One of the nursing students, Fran Taylor, had a baby girl, Ava Grace, April 10 and came back to classes April 14. Nursing student Christina Grant's baby is due in two weeks. Chris Wilson's wife gave birth to a baby eight days before the pinning. And, another personal highlight was the engagement of one of the nurses, Mindy McCowan, at a party in her honor following the ceremony.
Brown described the planning they went through that led to the acceptance of their notification letters into the School of Nursing and how they had learned to lean on each other.
"We felt more like a family to each other than we did a class as the time went on, and we learned that to get through this we needed to be able to lean on each other," she said.
"As a class and as an individual I can proudly say that our class, the 2009 graduating class of Campbellsville University School of Nursing, has been there for each other. We have come a long way from the first day and I know that now as individuals we will go even further."
She asked the nurses to stand and applaud those who had helped them during their journey because "each of you out there is why each and every one of us is here. Without your kind words of encouragement, proofreading of papers, overlooking the famous lines 'honey, it's takeout food again" and "kids don't you want to stay with grandma again?" we could not have accomplished this.... this degree is partly yours as well."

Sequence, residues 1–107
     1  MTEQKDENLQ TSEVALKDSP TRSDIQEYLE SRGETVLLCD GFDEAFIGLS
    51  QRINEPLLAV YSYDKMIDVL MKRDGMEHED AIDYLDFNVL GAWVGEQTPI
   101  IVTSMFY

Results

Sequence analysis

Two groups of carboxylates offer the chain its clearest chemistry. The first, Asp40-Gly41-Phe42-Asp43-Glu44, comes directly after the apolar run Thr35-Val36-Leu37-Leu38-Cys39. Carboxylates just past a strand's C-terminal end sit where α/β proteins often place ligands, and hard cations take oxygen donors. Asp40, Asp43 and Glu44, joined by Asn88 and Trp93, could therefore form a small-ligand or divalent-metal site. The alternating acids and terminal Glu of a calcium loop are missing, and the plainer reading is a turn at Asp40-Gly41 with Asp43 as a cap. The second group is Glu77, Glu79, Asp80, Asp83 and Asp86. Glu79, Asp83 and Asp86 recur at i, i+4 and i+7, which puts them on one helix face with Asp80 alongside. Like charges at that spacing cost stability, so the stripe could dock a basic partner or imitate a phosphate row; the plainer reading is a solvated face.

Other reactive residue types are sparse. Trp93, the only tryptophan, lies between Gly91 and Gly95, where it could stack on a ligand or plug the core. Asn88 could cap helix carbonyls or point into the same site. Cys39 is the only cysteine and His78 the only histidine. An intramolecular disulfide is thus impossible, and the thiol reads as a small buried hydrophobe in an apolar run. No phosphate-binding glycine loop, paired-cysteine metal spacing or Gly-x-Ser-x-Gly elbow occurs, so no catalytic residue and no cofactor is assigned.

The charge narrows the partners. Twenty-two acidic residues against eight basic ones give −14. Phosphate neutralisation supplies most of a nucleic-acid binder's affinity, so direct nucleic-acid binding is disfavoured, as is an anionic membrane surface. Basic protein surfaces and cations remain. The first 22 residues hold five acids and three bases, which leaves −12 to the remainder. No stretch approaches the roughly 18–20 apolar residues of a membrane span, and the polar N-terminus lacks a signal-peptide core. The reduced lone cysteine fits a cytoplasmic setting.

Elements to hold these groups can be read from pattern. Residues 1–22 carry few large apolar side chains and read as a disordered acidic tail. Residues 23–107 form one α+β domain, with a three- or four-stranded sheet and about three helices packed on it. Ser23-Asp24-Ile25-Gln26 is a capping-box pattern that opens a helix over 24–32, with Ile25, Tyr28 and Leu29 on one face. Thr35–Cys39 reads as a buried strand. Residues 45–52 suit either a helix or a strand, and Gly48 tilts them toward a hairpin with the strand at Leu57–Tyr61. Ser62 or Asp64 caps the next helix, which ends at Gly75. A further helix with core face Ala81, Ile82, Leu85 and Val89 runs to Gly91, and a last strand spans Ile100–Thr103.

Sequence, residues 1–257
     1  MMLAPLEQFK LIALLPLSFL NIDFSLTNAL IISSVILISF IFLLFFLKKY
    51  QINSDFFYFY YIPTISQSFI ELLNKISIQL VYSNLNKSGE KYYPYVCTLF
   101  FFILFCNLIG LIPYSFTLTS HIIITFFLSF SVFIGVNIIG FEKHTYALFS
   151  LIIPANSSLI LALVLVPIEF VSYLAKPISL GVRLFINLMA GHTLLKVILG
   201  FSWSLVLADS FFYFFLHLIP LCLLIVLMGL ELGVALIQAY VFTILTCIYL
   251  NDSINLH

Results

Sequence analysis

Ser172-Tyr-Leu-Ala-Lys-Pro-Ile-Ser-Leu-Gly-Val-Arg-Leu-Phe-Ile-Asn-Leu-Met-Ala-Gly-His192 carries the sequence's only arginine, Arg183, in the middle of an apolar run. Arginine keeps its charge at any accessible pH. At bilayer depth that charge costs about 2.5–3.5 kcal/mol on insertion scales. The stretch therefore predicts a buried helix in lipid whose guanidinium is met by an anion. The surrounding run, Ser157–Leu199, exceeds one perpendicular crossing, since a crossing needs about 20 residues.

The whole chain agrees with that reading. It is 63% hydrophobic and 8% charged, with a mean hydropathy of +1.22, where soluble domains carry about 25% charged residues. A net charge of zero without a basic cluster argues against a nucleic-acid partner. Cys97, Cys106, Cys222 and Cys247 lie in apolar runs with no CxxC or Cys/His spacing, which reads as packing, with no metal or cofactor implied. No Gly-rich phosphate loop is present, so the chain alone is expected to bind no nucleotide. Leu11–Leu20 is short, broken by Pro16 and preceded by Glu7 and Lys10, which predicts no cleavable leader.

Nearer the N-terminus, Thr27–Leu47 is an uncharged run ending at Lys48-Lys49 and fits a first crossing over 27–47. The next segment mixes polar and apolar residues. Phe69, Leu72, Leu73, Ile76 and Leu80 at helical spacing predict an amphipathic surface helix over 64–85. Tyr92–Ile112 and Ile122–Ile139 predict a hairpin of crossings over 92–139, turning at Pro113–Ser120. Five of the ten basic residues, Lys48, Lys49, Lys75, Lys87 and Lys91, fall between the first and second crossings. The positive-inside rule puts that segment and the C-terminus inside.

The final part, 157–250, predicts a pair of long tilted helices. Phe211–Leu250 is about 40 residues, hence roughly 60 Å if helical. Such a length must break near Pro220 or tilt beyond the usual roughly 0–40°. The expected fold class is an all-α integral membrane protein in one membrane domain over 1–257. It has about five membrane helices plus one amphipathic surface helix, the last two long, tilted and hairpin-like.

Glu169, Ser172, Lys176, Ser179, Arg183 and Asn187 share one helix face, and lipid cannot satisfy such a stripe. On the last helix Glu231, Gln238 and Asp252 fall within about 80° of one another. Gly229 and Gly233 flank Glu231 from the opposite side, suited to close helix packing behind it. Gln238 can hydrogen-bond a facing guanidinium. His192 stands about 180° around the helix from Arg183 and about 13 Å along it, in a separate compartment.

Dr. James Jones, who is Church Relations Council outreach special assistant at CU, blessed the hands of the graduates by anointing them with oil.
He said, as a pastor of Pleasant Hill Baptist Church, he goes to Taylor Regional Hospital many days, and "Nurses, you don't realize how much a nurse means to patients. You are always blessed by God in one of the great professions in the world."
He urged the graduates to follow Jesus' teachings and healings and have a spirit of gentleness, compassion, courage, openness, understanding and respect.
"Your hands are an extension of the divine wisdom of God's healing," he said.
The nurses were presented Bibles by members of Gideon International, Diana Arvin and Nancy Hunt.
One of the other traditions in the ceremony was the reading of the Nightingale Pledge, led by Brandy Pierce, instructor in the School of Nursing, and the Lighting of the Lamps, led by Angela Atwood, also an instructor.
Each graduate received a red rose given to them by Nicole Loy, instructor, and Rhonda Vale, clinical lab coordinator.
Campbellsville University is a private, comprehensive institution located in South Central Kentucky. Founded in 1906, Campbellsville University is affiliated with the Kentucky Baptist Convention and has an enrollment of 2,601 students who represent 93 Kentucky counties, 27 states and 31 foreign nations. Listed in U.S.News & World Report's 2009 "America's Best Colleges," CU is ranked 22nd in "Best Baccalaureate Colleges" in the South for the second consecutive year. CU has been ranked 16 consecutive years with U.S.News & World Report. The university has also been named to America's Best Christian Colleges®. Campbellsville University is located 82 miles southwest of Lexington, Ky., and 80 miles southeast of Louisville, Ky. Dr. Michael V. Carter is in his tenth year as president.
Posted on Thu, May 14, 2009
by Linda Waggener